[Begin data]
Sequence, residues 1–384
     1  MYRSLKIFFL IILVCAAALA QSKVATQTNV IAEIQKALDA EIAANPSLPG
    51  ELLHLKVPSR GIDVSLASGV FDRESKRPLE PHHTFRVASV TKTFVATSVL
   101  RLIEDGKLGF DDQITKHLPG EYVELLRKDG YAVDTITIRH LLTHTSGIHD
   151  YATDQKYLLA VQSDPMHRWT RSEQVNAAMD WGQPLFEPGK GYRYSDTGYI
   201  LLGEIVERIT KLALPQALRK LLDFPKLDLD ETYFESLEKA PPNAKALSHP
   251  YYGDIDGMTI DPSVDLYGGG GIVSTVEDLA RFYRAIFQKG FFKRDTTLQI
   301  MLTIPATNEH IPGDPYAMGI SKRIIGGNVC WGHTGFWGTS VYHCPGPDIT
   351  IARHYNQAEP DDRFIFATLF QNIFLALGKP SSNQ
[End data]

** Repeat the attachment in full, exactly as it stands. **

Sequence, residues 1–384
     1  MYRSLKIFFL IILVCAAALA QSKVATQTNV IAEIQKALDA EIAANPSLPG
    51  ELLHLKVPSR GIDVSLASGV FDRESKRPLE PHHTFRVASV TKTFVATSVL
   101  RLIEDGKLGF DDQITKHLPG EYVELLRKDG YAVDTITIRH LLTHTSGIHD
   151  YATDQKYLLA VQSDPMHRWT RSEQVNAAMD WGQPLFEPGK GYRYSDTGYI
   201  LLGEIVERIT KLALPQALRK LLDFPKLDLD ETYFESLEKA PPNAKALSHP
   251  YYGDIDGMTI DPSVDLYGGG GIVSTVEDLA RFYRAIFQKG FFKRDTTLQI
   301  MLTIPATNEH IPGDPYAMGI SKRIIGGNVC WGHTGFWGTS VYHCPGPDIT
   351  IARHYNQAEP DDRFIFATLF QNIFLALGKP SSNQ